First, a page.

Our views

Dealing with yields at record lows

Jonathan Platt, Head of Fixed Income

14 October 2016

We’ve seen yields fall sharply in recent months as the Bank of England announced a rate cut and further quantitative easing. This has meant strong returns from bonds – gilts have returned some 12% over the 12 months to the end of September, while index-linked bond holders have seen gains of 24%.

With yields on the ten-year gilt around 1%, investors are concerned about the possibility of capital losses if bonds return to ‘normal’ levels. Many have been negative about the prospects for yields for some years, but while QE continues and there is pessimism about future economic growth, we firmly believe that there will be no return any time soon to the 4%-plus levels that we saw prior to the financial crisis. However, we do expect yields to rise from current ultra-low levels.

This is not a new view – in fact it’s one we’ve had for some time, and is the reason we have been short duration on a strategic view across our gilt and credit portfolios. In anticipation of a turn in yields RLAM have developed a range of short duration bond funds, with the first of these launched in 2013. This range of six strategies – covering government bonds, index-linked, corporate bonds and high yield –  has seen a pickup in cashflows in recent months ( particularly short duration credit and short duration high yield) and now has  well over £1 billion in assets. Short duration bonds have a number of advantages in today’s market – lower volatility, greater liquidity and attractive income. They also tend to have lower correlation with the rest of the fixed income universe, thanks to that lower interest rate sensitivity.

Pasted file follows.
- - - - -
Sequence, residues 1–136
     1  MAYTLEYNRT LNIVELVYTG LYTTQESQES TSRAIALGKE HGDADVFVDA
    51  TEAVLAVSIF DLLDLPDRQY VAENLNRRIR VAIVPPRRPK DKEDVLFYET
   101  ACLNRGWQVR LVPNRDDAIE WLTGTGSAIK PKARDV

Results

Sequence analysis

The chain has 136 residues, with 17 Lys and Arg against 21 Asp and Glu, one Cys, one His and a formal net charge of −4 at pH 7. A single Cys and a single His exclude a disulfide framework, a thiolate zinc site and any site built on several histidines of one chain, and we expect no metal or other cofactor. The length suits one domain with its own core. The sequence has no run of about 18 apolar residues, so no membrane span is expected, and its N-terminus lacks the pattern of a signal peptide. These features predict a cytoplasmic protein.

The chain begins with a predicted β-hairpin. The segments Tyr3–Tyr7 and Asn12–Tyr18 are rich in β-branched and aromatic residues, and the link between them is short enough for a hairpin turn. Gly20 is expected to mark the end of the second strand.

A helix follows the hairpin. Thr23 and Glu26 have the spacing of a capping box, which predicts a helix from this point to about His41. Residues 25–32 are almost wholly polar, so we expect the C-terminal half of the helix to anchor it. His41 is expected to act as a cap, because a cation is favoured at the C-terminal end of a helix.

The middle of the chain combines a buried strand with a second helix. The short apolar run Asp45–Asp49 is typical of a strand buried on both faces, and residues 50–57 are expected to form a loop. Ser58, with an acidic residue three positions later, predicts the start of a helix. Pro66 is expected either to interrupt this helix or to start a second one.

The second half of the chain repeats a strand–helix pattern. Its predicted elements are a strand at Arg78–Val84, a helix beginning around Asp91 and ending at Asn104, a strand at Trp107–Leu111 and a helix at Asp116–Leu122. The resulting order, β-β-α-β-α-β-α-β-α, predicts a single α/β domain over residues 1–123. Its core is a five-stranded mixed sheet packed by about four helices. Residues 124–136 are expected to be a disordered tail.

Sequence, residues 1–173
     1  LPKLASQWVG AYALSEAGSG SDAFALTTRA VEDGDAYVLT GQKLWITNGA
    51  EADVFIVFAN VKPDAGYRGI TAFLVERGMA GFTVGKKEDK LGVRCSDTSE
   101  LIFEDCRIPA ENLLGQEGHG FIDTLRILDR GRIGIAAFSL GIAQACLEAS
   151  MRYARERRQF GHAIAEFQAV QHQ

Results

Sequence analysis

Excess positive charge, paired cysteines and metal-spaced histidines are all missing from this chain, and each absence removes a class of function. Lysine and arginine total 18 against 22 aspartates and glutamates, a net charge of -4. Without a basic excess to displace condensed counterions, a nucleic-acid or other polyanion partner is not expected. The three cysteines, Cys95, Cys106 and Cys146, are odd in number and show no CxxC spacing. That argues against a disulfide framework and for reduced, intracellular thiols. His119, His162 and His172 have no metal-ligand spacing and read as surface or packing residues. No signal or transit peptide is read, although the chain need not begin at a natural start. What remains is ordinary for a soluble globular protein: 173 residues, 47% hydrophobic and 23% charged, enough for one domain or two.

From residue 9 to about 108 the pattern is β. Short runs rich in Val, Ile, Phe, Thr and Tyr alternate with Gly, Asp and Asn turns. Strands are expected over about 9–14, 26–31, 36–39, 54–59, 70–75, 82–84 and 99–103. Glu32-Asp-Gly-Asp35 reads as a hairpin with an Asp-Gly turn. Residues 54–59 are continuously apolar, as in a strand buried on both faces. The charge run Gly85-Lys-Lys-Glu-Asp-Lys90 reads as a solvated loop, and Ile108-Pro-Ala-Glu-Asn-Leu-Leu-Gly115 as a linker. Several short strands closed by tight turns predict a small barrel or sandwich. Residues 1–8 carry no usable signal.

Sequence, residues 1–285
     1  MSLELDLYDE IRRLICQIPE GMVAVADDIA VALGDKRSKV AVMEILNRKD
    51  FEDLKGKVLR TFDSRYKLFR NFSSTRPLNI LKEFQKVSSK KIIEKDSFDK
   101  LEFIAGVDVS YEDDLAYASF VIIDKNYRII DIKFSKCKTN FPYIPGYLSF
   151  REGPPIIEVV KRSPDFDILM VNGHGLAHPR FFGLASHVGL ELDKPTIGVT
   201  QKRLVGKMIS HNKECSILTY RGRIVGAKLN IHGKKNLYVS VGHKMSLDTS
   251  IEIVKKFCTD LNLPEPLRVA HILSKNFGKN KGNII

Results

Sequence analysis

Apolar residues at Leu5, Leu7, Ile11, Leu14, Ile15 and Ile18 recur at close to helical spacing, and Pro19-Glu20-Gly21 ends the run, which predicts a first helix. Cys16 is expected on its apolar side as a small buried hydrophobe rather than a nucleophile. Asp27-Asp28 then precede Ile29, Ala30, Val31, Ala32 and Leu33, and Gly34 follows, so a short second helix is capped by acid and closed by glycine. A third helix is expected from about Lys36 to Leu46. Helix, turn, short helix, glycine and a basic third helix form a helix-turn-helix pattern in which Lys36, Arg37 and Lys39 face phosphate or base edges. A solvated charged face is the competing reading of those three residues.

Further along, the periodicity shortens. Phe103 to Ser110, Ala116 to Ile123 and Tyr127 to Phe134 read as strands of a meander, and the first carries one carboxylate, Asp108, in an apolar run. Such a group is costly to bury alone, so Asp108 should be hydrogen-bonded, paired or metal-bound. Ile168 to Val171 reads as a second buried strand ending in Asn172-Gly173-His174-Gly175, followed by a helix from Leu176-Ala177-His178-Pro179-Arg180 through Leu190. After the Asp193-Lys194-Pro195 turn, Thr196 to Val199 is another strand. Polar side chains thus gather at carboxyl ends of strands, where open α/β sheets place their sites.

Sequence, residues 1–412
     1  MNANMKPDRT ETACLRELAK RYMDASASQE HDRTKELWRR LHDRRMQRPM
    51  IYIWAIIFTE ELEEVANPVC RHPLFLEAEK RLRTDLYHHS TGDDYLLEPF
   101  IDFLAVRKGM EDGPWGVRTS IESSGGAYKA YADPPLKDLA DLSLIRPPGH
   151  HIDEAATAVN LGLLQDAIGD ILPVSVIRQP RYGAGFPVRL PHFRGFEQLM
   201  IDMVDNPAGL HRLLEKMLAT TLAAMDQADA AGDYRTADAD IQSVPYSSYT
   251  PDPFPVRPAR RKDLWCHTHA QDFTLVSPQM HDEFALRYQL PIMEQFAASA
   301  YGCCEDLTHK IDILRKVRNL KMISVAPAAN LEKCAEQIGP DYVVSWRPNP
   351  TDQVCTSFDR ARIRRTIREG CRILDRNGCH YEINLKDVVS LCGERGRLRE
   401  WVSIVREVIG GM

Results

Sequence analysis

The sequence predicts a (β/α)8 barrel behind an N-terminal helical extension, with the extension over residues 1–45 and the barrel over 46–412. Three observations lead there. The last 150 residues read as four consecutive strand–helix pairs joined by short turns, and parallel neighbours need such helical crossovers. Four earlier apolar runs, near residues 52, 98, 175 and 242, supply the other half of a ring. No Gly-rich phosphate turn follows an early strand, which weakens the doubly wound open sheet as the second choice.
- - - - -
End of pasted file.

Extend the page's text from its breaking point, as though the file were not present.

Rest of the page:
Talking to our clients, fixed income still has a vital role to play in meeting investor needs. However, the threat of yields rising from historically low levels will continue to put many off. Given that we expect to be a correction that will take place over an extended period, a strategic allocation to short duration strategies is worth considering.

The value of investments and the income from them is not guaranteed and may go down as well as up and investors may not get back the amount originally invested. The views expressed are the author’s own and do not constitute investment advice.